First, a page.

“When we entrust ourselves to the Lord completely, everything changes. We are children of a Father who loves us, and never leaves us”.
Benedict XVI sent this Tweet on Wednesday, 2 January.
resume at the General Audiences.
The first was on 12 December, a date
for history, marked by the Pope's debut with a Tweet that many followed:
“Dear friends, I am pleased to get in touch with you through Twitter.
Thank you for your generous response. I bless all of you from my
This use of the new means of communication, with the handle
@pontifex, was an action explained indirectly during the catechesis that
Therein the Holy Father emphasized that “God did not take himself
away from the world, he is not absent, he has not left us to ourselves,
but comes to meet our needs in various ways that we must learn to
“May Our Lord bless you and watch over you in the new year”, as we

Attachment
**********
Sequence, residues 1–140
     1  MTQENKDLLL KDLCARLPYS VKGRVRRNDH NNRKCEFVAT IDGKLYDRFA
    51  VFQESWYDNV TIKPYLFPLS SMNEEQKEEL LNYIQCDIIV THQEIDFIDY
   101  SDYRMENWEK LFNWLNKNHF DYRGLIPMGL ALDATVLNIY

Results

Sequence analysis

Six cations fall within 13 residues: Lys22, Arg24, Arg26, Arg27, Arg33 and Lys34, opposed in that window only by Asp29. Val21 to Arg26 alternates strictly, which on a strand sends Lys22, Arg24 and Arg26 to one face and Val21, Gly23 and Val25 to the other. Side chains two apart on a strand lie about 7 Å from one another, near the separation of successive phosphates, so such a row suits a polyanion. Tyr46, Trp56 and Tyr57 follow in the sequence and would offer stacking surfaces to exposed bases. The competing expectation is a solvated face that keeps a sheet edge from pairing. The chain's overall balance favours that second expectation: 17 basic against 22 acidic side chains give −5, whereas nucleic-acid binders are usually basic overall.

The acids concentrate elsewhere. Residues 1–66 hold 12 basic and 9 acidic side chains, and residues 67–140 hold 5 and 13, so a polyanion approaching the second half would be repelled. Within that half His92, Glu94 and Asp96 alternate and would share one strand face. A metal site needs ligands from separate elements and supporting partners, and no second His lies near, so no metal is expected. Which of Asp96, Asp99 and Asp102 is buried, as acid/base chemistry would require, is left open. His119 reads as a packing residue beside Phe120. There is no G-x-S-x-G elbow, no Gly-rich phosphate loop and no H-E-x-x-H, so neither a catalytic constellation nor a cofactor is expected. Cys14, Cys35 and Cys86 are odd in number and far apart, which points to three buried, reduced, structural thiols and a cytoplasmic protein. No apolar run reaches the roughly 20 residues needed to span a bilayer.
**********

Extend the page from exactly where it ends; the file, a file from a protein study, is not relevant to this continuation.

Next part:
read in the tweet on 1 January, which recalls the Hebrew Scriptures,
both directly, “May the Lord bless you and watch over you” (Num 6:24),
and indirectly, “May God be gracious to us and bless us and make his
face to shine upon us” (Ps 67).
In an interview with “Tgcom24” [an Italian news source] Archbishop
Claudio Maria Celli, President of the Pontifical Council for Social
Communications, spoke on how Benedict XVI's tweets come about.
appointed departments of the Secretariat of State prepare a text which
the Pope then must approve. We believe and strongly desire that the
tweets be truly from Benedict XVI”, said Archbishop Celli. Responding
to the questions of Federico Novella and Fabio Marchese Ragona, the
Archbishop stressed that “the Pope attends to the texts”.
Celli did not hide that the comments on the tweets have not always been
“A bit of everything came in. We have received the most
beautiful messages from all ages of young people, and with differing
content – at times joking, offensive and critical messages too; but, for
us who live in these circumstances, it was no surprise, I confess. We
were fully aware of what would happen: when the Pope wishes to enter
into dialogue with modern man and puts himself on that level, there are
risks to be taken and borne”.